Greece’s government has betrayed its people

Inside the Greek Parliament House, it’s business as usual. Outside is a virtual war zone, where riot police clash with citizens under thunderheads of tear gas. For the past decade, the Greek government has poured money into luxuries for its administrators, running up $400-billion in debt. Now facing a credit-rating collapse and massive disinvestment, the government has turned to its people to pay off its loans.

Greece’s parliament has passed a series of austerity measures raising taxes and taking deep cuts from salaries, pensions and social programs. Each round of legislation has been met with outrage from the public, drawing 100,000 demonstrators in Athens alone.

Betraying its democratic pretensions, the government has violently suppressed these protests, sending police to attack demonstrators with tear gas, stun grenades, truncheons and rocks.
“I saw riot police officers beat a man who’d fallen to the ground, acting for all the world like a wolf pack falling upon its prey,” a British photographer said. “The only bright spot was the extreme bravery of ordinary Greeks who defied the brutality of the police to protest and were capable of the most amazing acts of kindness to strangers even in the worst situations.”

The police’s heavy-handed tactics have only strengthened the people’s resolve. From college students to veteran blue collar laborers, the Greek working class has turned out to protest in force every day for months. Volunteer clinics have been set up to treat the victims of police attacks. Labor unions have led massive strikes, culminating in a 48-hour general strike from June 28 to 29 which paralyzed public transportation throughout Greece. It has been the first 48-hour general strike in Greece since the 1970s.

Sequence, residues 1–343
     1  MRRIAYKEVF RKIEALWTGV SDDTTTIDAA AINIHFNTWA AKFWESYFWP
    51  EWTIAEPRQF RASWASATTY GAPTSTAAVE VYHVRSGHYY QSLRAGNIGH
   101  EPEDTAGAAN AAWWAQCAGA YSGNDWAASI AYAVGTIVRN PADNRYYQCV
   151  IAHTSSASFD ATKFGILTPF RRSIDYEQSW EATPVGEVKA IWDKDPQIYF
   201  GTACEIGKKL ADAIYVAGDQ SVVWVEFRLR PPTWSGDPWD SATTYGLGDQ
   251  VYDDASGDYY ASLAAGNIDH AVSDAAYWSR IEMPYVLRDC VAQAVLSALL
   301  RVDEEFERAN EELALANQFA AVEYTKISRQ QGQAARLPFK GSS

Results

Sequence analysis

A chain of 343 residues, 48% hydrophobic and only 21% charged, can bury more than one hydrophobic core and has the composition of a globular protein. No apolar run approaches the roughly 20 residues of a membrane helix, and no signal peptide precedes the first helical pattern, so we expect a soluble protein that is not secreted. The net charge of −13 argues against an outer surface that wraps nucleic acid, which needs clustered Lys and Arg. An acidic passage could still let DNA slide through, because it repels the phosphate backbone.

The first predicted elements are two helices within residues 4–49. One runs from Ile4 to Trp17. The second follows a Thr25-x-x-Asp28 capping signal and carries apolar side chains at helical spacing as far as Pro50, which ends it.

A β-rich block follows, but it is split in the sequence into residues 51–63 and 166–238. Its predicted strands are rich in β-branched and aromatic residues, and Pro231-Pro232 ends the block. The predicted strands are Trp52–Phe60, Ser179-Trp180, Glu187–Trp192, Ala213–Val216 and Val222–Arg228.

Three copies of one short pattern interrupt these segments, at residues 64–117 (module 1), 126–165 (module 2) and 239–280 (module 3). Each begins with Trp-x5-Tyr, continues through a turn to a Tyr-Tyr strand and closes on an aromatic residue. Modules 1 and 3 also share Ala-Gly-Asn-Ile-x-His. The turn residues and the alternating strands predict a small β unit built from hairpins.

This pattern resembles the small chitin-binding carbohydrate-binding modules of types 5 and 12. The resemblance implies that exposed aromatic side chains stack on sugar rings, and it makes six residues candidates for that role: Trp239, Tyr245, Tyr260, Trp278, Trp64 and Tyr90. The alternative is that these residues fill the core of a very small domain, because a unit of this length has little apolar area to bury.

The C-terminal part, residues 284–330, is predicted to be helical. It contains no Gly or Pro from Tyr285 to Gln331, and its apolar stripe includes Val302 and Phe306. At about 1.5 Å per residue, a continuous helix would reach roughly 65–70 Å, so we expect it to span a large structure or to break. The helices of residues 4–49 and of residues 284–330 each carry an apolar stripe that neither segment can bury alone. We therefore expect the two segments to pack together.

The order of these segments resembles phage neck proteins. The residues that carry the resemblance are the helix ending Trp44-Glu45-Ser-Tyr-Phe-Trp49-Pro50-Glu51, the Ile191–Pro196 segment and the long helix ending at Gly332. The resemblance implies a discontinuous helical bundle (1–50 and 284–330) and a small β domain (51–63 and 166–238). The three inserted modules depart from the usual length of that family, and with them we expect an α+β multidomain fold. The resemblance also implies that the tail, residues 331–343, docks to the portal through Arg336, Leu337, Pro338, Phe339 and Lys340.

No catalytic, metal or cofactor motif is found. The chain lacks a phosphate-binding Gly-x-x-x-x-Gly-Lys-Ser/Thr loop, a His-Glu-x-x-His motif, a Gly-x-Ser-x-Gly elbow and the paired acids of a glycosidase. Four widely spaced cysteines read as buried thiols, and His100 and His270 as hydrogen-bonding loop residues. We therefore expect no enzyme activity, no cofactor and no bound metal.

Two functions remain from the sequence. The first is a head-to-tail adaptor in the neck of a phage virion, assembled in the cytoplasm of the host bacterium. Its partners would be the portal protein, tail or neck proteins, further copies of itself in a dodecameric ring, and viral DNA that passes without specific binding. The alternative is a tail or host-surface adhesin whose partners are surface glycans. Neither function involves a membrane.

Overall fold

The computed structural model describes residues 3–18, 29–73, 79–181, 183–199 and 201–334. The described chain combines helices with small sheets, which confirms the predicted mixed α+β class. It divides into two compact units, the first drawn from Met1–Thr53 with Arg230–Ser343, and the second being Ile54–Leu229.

Anti-capitalist sentiment is running high throughout the working class, and Marxist and anarchist groups are playing an increasing role in organizing forceful resistance to the austerity measures.
The people of Greece have made it known that they reject their government’s solution to the debt crisis. They do not wish to spend the next decade working off their rulers’ $400 billion tab.

However, in the hermetically-sealed environment of parliament, Greece’s majority party is doing its best to ignore the will of their people; approving round after round of anti-labor laws and begging the rest of the European Union for handouts. This is democracy, according to the Greek government.

What the situation in Greece illustrates is that democracy and capitalism are incompatible.
This is true simply because capitalism results in the accumulation of economic wealth at one pole of society at the expense of the other. Since, in capitalist society, everything inevitably becomes commercialized, the absence of economic wealth also means the absence of dignity, independence and political power.

Democracy cannot exist in a political system where power is concentrated in the hands of a minority of the population. However, a facade of democracy is a useful tool for the ruling class. Allowing the public to choose among candidates creates the illusion that meaningful change can be achieved within the existing system, even when all available candidates are only cosmetically dissimilar. Elections in the capitalist system do not serve a democratic function, they exist in order to pacify resistance to state authority by giving the working class a harmless outlet for its dissatisfaction.

As is being demonstrated in Greece, when the people forcefully demand change, the illusion of democracy evaporates. This also applies in the US, where economic inequality is significantly greater than in Greece. When US workers refuse to be exploited any longer, they will find their “free and democratic” government will apply the truncheon just as readily as the Greek state has.

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